Mason's brilliant, but fanatical Captain Nemo ranked among the highlights of Walt Disney's big-budget epic "20,000 Leagues Under the Sea" (1954) and the actor earned an Academy Award nomination for his moving performance as alcoholic fallen star Norman Maine in the first remake of "A Star is Born" (1954), co-starring an equally magnificent Judy Garland. That year, Mason also made another rare return to the stage when invited by Canada's Stratford Festival to star in their productions of "Measure for Measure" and "Oedipus Rex." In the wake of middling reviews, he decided to return to movies and deftly rode an emotional rollercoaster in "Bigger than Life" (1956), an early depiction of prescription drug addiction that found Mason convincingly swinging from wild euphoria to paranoia induced threats of violence.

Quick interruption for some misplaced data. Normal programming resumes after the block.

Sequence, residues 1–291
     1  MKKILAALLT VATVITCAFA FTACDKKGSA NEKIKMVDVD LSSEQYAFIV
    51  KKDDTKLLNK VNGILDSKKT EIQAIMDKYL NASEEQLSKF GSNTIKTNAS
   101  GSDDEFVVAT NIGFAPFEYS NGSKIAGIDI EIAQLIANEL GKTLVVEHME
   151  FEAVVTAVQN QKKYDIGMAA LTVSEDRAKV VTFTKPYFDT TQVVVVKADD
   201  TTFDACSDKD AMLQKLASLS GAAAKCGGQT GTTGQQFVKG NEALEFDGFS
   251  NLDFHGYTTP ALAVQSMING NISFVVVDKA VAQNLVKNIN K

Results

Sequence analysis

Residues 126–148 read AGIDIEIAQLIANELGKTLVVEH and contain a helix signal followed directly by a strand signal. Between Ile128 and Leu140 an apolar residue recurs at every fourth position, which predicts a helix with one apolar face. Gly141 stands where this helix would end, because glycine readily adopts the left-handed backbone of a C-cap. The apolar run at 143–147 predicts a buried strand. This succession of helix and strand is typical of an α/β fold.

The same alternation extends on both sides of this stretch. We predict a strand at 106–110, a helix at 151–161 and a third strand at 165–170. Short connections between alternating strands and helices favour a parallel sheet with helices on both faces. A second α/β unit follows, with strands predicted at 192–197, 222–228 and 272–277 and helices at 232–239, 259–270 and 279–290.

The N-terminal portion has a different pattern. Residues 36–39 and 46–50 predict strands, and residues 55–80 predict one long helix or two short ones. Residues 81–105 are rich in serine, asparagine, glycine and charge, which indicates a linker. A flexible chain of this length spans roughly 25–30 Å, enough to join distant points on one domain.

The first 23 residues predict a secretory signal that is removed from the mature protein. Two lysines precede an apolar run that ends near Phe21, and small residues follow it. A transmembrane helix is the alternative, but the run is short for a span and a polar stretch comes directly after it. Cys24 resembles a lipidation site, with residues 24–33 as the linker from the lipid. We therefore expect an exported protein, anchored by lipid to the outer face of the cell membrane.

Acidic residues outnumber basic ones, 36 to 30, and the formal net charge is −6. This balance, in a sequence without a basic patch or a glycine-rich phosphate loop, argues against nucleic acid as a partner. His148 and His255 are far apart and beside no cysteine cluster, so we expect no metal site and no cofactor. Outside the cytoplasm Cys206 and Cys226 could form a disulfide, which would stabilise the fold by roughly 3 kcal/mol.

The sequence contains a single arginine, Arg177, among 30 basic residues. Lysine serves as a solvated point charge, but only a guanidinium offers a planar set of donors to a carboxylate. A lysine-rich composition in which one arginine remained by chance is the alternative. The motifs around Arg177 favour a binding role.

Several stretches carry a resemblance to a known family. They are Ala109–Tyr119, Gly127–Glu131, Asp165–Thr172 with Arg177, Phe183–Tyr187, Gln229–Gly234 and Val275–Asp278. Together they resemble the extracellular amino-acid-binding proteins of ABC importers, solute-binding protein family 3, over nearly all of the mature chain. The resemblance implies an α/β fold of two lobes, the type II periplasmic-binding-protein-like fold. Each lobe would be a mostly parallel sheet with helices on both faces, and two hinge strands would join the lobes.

As he progressed further into middle age, Mason became a much desired character player. He gave one of his most understated and wholly effective performances as the cultured villain responsible for Cary Grant's travails in Alfred Hitchcock's classic "North by Northwest" (1959) and Mason's customary degree of authority and persuasiveness helped viewers to overlook the occasional juvenile silliness of "Journey to the Center of the Earth" (1959). In the midst of all that activity, Mason suffered a heart attack in 1959, but had no lasting ill effects and soon resumed working. He was awarded a star on the Hollywood Walk of Fame for his film and television achievements in 1960 and gave a remarkable (and remarkably brave) turn as pathetic pedophile Humbert Humbert in Stanley Kubrick's controversial adaptation of "Lolita" (1962). During that time, Mason moved to Switzerland, citing tax concerns as one of the main factors in his decision, but he was also candid in his dislike of Los Angeles and the whole nature of Hollywood.